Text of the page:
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As per available reports about 12 relevant Journals, 10 Conferences, 2 National symposiums are presently dedicated exclusively to atrial septal defect and about 109 articles are being published on Atrial Septal Defect.
An atrial septal defect (ASD) is a hole in the septum, or muscular wall, that separates the heart’s two upper chambers (atria). An ASD occurs when part of the atrial septum does not form properly. Normally, the right side of the heart pumps blood that is low in oxygen to the lungs, while the heart’s left side pumps oxygen-rich blood to the body. When there is an ASD, blood from the left and right sides mix, and the heart generally does not work at its most efficient level. The risk of problems is greater when the defect is large (greater than 2 cm). Problems may include:
• Right heart enlargement (leading to right heart failure)
• Heart rhythm disturbances, including atrial fibrillation or atrial flutter, occur in 50 to 60 percent of all patients over age 40 with an ASD.
• Pulmonary hypertension (high blood pressure in the arteries that supply blood to the lungs). Blood normally flows from the left side of the heart to the right, but in patients with an ASD and severe pulmonary hypertension, the blood flow across the ASD can reverse (flow right to left).
As a result, oxygen levels in the blood will decrease, leading to a condition known as Eisenmenger syndrome . Leaking tricuspid and mitral valves as a result of enlargement of the heart.
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Scope and Importance
In infants, small ASDs (less than 5 mm) will often not cause problems, or will close without treatment. Larger ASDs (8 to 10 mm), often do not close and may need a procedure. Important factors include the size of the defect, the amount of extra blood flowing through the opening, and whether the person has any symptoms. Some people with ASD may have other congenital heart conditions. These may include a leaky valve or a hole in another area of the heart.
The normal Heart has two sides, which are separated by a muscular wall called the septum. Each side of the heart also has two parts - the upper chamber called an atrium, and the lower chamber called a ventricle. An atrial septal defect (ASD) is an opening in the wall (the atrial septum) View Large Atrial Septal Defect (ASD) Illustration between the heart's two upper chambers (the right and left atria). An ASD is one of the defects referred to as "a hole in the heart. “Normally, the right side of the heart carries deoxygenated blood back into the heart and the left side carries oxygenated blood back out to the body. An ASD allows the oxygenated blood to pass from the left atrium, through the opening in the septum, into the right atrium causing the two to mix. This leads to increased Blood flow through the right side of the heart and lungs. Over time, this "extra" blood volume stresses the heart and causes the right atrium, ventricle and pulmonary arteries to dilate (become wider). This can eventually lead to heart failure, pulmonary hypertension or heart rhythm abnormalities. A "hole" in the wall that separates the top two chambers of the heart. This defect allows oxygen-rich blood to leak into the oxygen-poor blood chambers in the heart. ASD is a defect in the septum between the heart's two upper chambers (atria). The septum is a wall that separates the heart's left and right sides.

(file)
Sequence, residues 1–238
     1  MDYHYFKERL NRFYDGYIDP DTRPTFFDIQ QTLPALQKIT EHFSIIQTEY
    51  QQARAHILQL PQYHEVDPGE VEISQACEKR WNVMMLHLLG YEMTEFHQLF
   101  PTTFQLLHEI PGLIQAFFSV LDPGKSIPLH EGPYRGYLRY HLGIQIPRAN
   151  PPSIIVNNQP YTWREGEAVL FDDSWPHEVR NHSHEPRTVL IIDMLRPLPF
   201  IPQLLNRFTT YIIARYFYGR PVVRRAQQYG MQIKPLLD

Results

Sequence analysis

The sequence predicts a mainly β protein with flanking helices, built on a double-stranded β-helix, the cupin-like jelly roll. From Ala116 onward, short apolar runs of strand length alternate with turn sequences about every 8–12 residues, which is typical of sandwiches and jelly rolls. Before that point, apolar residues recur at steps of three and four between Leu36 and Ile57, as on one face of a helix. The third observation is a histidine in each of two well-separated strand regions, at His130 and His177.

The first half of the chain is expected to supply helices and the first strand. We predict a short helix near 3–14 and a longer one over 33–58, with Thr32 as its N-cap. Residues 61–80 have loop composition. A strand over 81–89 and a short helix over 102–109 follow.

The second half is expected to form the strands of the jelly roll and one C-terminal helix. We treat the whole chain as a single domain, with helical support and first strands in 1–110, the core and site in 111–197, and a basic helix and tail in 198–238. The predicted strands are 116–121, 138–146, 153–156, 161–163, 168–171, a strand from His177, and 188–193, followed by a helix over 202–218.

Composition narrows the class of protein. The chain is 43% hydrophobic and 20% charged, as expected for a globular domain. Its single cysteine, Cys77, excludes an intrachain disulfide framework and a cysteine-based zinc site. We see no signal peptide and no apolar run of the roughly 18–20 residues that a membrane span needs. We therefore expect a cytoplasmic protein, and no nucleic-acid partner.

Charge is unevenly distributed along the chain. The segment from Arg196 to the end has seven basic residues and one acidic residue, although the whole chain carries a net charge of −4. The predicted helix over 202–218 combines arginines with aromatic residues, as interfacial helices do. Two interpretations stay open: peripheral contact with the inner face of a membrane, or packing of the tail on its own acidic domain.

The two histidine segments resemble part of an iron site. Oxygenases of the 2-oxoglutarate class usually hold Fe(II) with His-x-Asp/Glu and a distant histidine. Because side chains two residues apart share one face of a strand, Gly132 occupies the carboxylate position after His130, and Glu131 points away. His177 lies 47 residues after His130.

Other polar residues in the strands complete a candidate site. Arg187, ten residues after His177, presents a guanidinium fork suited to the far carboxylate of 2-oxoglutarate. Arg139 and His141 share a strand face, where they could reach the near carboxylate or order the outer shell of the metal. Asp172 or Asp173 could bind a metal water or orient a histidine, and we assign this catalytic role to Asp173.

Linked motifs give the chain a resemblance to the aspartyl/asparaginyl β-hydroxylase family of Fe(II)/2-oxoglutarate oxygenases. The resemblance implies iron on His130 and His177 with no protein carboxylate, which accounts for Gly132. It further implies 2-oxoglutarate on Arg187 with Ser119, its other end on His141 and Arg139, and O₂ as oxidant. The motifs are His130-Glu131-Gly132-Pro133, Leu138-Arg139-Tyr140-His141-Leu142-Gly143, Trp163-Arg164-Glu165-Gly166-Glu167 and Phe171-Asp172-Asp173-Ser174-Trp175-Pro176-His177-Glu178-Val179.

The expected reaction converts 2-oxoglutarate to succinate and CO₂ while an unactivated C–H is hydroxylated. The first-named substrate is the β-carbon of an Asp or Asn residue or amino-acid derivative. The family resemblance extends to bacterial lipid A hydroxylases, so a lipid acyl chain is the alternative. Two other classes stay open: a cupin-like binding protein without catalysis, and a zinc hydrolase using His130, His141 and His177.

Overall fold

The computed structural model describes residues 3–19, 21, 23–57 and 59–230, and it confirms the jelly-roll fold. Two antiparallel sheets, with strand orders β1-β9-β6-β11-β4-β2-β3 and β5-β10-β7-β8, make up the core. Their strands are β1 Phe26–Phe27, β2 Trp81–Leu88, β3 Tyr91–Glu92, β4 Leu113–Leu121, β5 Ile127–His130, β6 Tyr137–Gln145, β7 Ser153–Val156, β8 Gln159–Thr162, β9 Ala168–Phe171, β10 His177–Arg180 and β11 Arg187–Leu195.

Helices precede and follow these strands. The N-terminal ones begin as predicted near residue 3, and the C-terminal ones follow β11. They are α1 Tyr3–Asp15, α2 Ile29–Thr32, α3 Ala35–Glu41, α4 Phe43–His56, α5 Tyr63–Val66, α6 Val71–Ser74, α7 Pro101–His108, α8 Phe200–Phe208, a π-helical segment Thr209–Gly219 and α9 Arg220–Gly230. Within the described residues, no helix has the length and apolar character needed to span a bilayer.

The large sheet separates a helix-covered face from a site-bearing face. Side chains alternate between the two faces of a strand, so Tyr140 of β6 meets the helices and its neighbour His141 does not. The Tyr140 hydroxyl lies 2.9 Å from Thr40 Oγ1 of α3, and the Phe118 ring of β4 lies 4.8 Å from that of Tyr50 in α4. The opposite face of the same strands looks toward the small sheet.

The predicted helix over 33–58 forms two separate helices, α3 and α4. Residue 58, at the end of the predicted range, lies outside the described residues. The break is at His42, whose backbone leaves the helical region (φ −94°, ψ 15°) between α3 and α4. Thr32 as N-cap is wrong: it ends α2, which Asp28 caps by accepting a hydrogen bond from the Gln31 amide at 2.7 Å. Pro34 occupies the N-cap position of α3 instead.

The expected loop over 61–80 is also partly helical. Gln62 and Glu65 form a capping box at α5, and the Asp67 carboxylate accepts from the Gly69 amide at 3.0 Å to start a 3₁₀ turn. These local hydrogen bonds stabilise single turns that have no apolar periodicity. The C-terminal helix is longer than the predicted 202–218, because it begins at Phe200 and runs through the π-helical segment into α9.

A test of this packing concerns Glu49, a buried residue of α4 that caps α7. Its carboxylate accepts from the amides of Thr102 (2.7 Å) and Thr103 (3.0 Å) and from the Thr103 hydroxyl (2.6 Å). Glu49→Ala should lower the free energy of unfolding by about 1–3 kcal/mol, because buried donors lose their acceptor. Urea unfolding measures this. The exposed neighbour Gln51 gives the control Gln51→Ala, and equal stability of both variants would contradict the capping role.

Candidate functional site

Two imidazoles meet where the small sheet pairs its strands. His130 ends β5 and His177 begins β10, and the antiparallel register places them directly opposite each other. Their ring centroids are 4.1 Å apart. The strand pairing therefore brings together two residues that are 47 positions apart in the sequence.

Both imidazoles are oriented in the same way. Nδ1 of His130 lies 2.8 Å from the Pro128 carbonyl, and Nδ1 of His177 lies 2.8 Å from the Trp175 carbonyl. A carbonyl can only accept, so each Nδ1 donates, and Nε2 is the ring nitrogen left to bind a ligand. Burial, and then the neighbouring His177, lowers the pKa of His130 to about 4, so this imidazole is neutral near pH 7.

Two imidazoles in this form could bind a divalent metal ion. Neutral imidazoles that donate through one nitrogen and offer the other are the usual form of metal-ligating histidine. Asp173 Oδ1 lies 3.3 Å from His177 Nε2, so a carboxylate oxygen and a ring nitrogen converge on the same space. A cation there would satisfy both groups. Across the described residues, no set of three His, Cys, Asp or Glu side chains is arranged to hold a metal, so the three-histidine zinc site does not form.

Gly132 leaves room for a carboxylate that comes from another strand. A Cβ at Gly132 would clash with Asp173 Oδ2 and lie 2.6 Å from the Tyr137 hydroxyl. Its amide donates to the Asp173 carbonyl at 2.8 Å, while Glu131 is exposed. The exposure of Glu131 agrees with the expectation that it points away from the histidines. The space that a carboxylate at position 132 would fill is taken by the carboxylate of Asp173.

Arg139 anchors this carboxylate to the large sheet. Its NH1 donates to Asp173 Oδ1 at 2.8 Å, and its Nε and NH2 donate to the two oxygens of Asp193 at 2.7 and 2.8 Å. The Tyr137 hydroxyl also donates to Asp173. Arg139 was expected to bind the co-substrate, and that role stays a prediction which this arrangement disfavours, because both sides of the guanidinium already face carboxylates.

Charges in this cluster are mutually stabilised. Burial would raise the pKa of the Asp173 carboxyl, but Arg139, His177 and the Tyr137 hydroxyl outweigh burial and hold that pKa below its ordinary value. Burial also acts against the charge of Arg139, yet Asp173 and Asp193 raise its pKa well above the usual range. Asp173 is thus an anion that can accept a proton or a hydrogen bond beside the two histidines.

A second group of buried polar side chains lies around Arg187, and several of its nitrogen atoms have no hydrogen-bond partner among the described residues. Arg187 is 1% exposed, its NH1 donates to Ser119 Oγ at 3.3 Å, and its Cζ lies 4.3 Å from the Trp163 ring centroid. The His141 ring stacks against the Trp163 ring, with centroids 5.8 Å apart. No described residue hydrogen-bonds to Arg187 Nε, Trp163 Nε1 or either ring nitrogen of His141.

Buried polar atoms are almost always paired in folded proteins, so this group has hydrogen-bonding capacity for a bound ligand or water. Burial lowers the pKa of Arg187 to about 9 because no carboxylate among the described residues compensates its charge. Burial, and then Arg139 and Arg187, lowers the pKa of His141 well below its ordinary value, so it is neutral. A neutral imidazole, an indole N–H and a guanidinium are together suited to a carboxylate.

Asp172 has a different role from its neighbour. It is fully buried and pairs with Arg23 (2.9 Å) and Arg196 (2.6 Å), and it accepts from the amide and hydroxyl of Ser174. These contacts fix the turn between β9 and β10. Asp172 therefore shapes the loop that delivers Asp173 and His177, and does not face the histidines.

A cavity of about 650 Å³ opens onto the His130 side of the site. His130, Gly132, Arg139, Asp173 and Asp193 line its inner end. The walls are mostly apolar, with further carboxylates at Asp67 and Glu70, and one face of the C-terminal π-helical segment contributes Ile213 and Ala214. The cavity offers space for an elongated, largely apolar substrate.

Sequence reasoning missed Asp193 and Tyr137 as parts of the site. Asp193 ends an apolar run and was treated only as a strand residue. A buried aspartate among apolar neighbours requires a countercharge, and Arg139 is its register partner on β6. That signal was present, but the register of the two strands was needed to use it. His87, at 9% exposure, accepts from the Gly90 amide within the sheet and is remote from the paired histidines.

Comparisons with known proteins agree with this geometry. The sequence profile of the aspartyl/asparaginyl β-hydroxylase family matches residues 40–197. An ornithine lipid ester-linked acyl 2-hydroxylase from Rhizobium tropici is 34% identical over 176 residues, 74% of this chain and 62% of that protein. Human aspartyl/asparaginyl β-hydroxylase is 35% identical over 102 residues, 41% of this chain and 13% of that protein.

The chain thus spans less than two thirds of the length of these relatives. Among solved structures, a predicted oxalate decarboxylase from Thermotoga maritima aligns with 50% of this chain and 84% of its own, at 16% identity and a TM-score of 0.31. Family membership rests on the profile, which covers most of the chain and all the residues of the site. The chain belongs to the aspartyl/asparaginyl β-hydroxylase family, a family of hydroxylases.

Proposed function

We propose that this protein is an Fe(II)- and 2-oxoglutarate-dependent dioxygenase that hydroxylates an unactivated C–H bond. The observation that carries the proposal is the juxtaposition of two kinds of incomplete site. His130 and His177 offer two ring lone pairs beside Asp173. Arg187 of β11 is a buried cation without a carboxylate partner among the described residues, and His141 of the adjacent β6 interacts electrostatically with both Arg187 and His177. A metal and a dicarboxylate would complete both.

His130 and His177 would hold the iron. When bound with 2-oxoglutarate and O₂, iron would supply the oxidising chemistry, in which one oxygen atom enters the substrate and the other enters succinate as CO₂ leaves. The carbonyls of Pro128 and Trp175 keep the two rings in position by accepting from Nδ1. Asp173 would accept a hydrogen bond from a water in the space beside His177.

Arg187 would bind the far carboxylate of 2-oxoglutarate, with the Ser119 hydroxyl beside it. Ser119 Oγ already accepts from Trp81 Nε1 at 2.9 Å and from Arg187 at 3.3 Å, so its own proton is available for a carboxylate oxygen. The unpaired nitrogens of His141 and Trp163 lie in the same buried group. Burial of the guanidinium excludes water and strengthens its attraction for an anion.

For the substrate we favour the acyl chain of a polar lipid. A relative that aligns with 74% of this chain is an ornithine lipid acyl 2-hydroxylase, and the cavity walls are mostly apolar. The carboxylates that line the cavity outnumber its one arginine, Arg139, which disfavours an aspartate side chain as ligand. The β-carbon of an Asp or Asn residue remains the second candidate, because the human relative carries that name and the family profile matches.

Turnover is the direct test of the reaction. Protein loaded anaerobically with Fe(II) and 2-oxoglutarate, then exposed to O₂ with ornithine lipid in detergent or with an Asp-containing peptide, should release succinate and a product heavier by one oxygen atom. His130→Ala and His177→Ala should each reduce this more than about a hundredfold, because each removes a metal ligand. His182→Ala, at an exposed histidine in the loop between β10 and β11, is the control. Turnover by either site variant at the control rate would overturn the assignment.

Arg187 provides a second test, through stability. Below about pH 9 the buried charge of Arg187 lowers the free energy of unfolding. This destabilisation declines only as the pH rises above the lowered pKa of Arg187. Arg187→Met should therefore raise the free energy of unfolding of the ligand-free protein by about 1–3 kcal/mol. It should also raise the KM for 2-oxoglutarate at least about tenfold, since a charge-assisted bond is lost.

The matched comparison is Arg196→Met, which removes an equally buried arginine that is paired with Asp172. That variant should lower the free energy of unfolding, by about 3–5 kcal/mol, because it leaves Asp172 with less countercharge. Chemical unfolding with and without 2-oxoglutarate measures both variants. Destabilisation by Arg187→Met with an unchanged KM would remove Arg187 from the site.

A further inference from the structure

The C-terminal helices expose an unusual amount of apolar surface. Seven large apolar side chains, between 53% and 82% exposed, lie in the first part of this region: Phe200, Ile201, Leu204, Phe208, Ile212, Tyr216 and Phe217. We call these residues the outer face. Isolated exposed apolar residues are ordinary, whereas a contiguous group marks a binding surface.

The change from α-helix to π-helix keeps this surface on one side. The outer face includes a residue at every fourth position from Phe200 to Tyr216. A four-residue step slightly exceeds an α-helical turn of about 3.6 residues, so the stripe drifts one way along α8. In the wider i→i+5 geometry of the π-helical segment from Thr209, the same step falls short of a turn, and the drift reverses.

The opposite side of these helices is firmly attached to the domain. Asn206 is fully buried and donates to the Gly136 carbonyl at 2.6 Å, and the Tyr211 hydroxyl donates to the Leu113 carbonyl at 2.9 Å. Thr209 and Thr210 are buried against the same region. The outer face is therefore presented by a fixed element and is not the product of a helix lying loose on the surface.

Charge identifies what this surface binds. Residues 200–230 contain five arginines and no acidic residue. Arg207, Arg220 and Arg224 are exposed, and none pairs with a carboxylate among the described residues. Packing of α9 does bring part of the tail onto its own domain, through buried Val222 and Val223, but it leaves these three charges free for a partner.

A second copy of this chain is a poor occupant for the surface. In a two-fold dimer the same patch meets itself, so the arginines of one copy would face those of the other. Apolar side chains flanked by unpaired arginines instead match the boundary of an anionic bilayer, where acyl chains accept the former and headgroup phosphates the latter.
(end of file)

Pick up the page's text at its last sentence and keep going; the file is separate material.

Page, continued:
Atrial septal defect (ASD), which accounts for 8%-10% of congenital heart diseases, reflects the most common type in adults. Percutaneous transfemoral septal closure is the contemporary alternative to surgical closure. According to the American College of Cardiology Foundation, in 2010, the prevalence of CHD in Asia was 8.9 to 9.7 per 1,000 live births, whereas in Africa this figure was 1.1 to 3.5 per 1,000 live births. For Coarctation of the Aorta Trail (COAST) $198,865 funded by the Johns Hopkins University.
List of Best International Conferences:
Relevant Society and Associations
1. The Society of Thoracic Surgeons
2. National Organization for Rare Disorders, Inc.
3. National Heart Centre Singapore.
4. The American Health Information Management Association
5. Association for European Paediatric Cardiology
6. Global Heart Network Foundation
7. Society for Vascular Surgery
8. Canadian Society for Vascular Surgery
9. Society for Cardiothoracic Surgery in Great Britain and Ireland
10. European Association of Percutaneous Cardiovascular Interventions
11. Society for Cardiovascular Angiography and Interventions
12. European Heart Rhythm Association
13. Egyptian Medical Society of Echocardiography
14. Society of Cardiovascular Anaesthesiologists, Chicago
15. AEPC Association for European Paediatric Cardiology
16. Midwest Pediatric Cardiology Society, Inc.
17. Pediatric Congenital Heart Association’s
18. Asia-Pacific Pediatric Cardiac Society
19. Canadian Pediatric Cardiology Association
20. Russian National Congress of Cardiology
21. British Cardiovascular Society
22. The Cardiac Society of Australia and New Zealand
23. European Society of Hypertension
24. European Atherosclerosis Society
25. The Society for Cardiovascular Angiography and Interventions Foundation, USA
1. W.L. Gore and Associates Inc.
2. St. Jude Medical Inc.
3. Biosense Webste
4. Cardia Inc.
5. LifeTech Scientific
6. Maquet Cardiovascular
8. Occlutech Holding AG and Pfm medical.
9. Vascutek Ltd
10. Union Diagnostic and Clinical Services Plc.
11. Stryker Medical Company
12. GE Medical Equipment
13. Endologix, Inc.
14. Medtronic Inc.
15. Gore Medical Products
16. Medtronic Equipment
17. SonoSite Inc. – US
18. Hitachi Aloka Medical America
19. Cook Medical Incorporated
20. Abiomed, Inc.
21. Johnson and Johnson
22. Biocompatibles UK Limited
23. iCardiac Technologies, Inc.
24. Edwards Lifesciences Corporation
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This page was last updated on January 27, 2021